He noted that when Cohen made an announcement on missile defense the following day, he finally acknowledged that “what Republicans had been saying for the last three years was true: that the missile threat to the United States is real, immediate, and growing.”

But the Administration has still refused to commit to deployment of a national system, deferring a decision until mid-2000, Inhofe said. And Cohen delayed the expected date for an operational national defense by two years, to 2005, he noted.

Although the land-based system currently being planned for the national defense has not been developed or tested, Inhofe and others believe that a limited national shield could be provided sooner by using the Navy Upper Tier theater missile defense system.

The Navy Upper Tier, or theaterwide system, also has not been tested. But it would build on the lower tier or area defense system being developed to use the capabilities of the powerful Aegis air-defense systems on a fleet of Navy cruisers and destroyers.

Inhofe supports the decision in the Fiscal 2000 budget to combine funding for the Navy Upper Tier program and the Army’s Theater High Altitude Area Defense, or THAAD, system, which has had five straight test failures.

“I’ve felt all along that Navy Upper Tier is the sensible way to go,” he said.

By concentrating funds on the Navy program, Inhofe said, the nation could have in place in 18 months a sea-based system that could defend deployed forces and much of the United States against small-scale missile attacks.

Inhofe served in the US Army, but he has become a strong advocate of air superiority and airpower. He supports provision of full funding for the big tactical aircraft programs, including the Air Force’s F-22 fighter and the multiservice Joint Strike Fighter.

He also supports the planned improvements in strategic airlift capabilities, including buying extra C-17s and improving the C-5s.

Inhofe also is a champion of the National Guard and Reserves, pointing to the increasing reliance all of the services place on their part-time warriors in the current rash of contingencies.

He plans to have the Army National Guard commander testify in the same readiness hearing with the commanders of the Army’s four active duty combat corps.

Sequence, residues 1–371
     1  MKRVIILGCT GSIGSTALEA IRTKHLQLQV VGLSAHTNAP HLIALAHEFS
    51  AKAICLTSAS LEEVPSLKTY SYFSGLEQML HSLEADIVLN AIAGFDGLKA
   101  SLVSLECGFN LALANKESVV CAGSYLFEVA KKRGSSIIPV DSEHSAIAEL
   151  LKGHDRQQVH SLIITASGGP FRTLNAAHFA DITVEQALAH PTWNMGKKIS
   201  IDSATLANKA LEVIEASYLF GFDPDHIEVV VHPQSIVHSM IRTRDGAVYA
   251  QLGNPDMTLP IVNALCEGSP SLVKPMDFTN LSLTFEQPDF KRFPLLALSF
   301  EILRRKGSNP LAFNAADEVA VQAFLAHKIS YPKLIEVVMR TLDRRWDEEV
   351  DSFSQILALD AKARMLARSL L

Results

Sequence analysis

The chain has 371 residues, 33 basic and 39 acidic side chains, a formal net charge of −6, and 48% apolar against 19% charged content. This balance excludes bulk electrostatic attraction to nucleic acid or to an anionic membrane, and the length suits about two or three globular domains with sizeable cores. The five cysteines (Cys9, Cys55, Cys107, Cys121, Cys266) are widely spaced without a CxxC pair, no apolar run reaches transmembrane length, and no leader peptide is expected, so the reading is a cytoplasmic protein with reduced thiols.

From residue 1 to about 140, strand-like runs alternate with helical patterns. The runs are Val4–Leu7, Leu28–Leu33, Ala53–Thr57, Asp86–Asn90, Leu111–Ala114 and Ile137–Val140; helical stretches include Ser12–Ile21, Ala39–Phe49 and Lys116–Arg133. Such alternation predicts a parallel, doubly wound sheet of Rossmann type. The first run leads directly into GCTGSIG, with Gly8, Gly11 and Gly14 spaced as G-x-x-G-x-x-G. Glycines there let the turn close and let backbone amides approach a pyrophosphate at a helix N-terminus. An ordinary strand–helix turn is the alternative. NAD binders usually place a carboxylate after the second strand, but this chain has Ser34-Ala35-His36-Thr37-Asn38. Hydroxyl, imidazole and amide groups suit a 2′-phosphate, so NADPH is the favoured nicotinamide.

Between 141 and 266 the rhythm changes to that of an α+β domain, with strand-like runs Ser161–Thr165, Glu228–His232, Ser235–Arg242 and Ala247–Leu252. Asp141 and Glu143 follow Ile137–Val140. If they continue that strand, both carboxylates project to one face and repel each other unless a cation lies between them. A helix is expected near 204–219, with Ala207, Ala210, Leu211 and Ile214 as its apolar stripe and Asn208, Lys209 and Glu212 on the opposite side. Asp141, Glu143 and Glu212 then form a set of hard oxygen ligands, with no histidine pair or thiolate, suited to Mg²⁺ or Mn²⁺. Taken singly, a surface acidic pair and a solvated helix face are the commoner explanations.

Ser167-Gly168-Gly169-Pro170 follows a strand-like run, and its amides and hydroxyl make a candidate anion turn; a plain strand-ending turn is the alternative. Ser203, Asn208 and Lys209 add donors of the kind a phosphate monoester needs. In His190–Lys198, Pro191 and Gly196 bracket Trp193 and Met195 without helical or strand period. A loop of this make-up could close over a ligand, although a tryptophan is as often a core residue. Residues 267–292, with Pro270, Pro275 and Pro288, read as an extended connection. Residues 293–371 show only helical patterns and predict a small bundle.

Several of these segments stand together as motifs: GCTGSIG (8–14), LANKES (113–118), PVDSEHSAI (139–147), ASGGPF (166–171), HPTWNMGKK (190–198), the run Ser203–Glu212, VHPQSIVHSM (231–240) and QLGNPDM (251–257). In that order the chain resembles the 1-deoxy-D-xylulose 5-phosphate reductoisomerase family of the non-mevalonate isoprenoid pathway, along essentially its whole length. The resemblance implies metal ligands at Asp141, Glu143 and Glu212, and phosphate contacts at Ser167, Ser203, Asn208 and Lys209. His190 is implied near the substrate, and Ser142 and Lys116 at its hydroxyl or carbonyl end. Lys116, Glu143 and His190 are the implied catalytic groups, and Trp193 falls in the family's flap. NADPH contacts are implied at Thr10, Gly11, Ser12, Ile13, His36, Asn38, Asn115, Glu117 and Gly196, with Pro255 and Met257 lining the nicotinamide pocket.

“That will send a good message to the Army and the Guard,” he said.

Inhofe said that, after clearing the authorization, his panel will hold more hearings into the readiness of the Special Operations Command and US forces in Korea, the status of the arsenals, ammunition plants, and munitions requirements, and pre-positioned assets.

The subcommittee then will examine the status of family housing privatization programs, training for combat in urban terrain, just-in-time logistics, maintenance, and wartime sustainability.

And, with the dual interest as the military readiness panel chairman and as a Senator from an oil-producing state, Inhofe plans to hold a hearing on the potential threat that the nation’s growing dependence on foreign oil poses to military readiness and national security.

America currently imports over 56 percent of its oil needs, which is more than it took in prior to the second major oil crisis, which erupted in the late 1970s. “Today, our domestic oil and gas industry is in crisis,” he said. “Domestic producers are overregulated compared to their overseas competitors, and many are being forced to sell below cost because of the flood of foreign imports. This situation not only threatens readiness but also increases our vulnerability to armed conflicts in other parts of the world.”

Otto Kreisher is the national security reporter for Copley News Service, based in Washington, D.C. His most recent article for Air Force Magazine, “Desert One,” appeared in the January 1999 issue.